White House confirms US citizen released from North Korea

The White House has confirmed that American tourist Jeffrey Fowle, 56, one of three Americans detained in North Korea, has been released and is on his way home to his family.  -- PHOTO: AFP
The White House has confirmed that American tourist Jeffrey Fowle, 56, one of three Americans detained in North Korea, has been released and is on his way home to his family.  -- PHOTO: AFP

WASHINGTON (AFP/REUTERS) - North Korea has freed one of three Americans detained in the isolated country, surprisingly allowing a Pentagon plane to land there on Tuesday before whisking him away.

The White House confirmed that American tourist Jeffrey Fowle, 56, had been released from North Korea, had departed the country and was on his way home to his family.

White House spokesman Josh Earnest said Fowle that the United States welcomed the move but remained focused on getting two other US citizens released as well.

"While this is a positive decision ... we remain focused on the continued detention of Kenneth Bae and Matthew Miller and again call on the DPRK to immediately release them," Earnest said, referring to North Korea.

US officials said Pyongyang had given Washington a timeframe within which to transport Fowle out of the country, and the Pentagon had decided to send in a plane to bring him home, even though Washington does not have diplomatic ties with communist North Korea.

US State Department deputy spokeswoman Marie Harf thanked Swedish diplomats for their efforts to secure his freedom.

Fowle had been checked by doctors and "appears to be in good health," Harf told reporters, adding the plane had flown from Pyongyang to Guam and he would head next to the mainland US.

She refused to go into specifics however about when he was expected to arrive home in the state of Ohio.

She would also not reveal how Fowle's release was brokered.

"I'm not going to confirm any details about the discussions or the ways we tried to get our American citizens home," Harf said.

Earlier this month, Fowle made a renewed plea for the US government to work to secure his release.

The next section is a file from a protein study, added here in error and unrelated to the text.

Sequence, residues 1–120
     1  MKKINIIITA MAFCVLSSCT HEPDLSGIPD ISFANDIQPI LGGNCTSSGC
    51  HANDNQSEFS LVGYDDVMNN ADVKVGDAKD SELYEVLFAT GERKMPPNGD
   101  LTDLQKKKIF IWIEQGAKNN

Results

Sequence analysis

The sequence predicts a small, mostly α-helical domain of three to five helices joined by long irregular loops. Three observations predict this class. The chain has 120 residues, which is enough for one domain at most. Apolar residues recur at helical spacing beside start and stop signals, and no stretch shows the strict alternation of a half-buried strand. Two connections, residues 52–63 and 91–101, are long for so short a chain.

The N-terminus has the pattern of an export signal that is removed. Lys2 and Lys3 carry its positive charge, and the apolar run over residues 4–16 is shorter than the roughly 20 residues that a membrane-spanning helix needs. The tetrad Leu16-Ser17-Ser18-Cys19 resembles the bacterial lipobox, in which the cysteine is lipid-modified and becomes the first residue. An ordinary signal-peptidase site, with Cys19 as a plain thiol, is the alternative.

In an interview published by the pro-North Korean Japanese newspaper Chosun Sinbo, Fowle said he was extremely "anxious" that he would share the fate of his already tried and jailed fellow detainees.

Fowle entered the North in April and was detained after apparently leaving a Bible in the bathroom of a nightclub in the northern port of Chongjin.

His plea came only two weeks after Miller was sentenced to six years' hard labor by the North Korean Supreme Court.

The 24-year-old was also arrested in April after he allegedly ripped up his visa at immigration and demanded asylum.

The third detainee, 42-year-old Korean American Kenneth Bae, was arrested in November 2012 and later sentenced to 15 years' hard labour.

Harf said "the US government will continue to work actively on" the cases of Miller and Bae, and repeated US offers to send a State Department envoy, Robert King, to the isolated North to discuss their plight.

Washington has condemned Pyongyang over the detentions, saying the men were being held as political hostages to extract diplomatic concessions.

The North has repeatedly denied King a visa, apparently hoping a more high-profile envoy will be sent to the country.

The nuclear-armed North wants a resumption of stalled six-party nuclear negotiations, but the United States and South Korea insist it must first show a tangible commitment to denuclearization.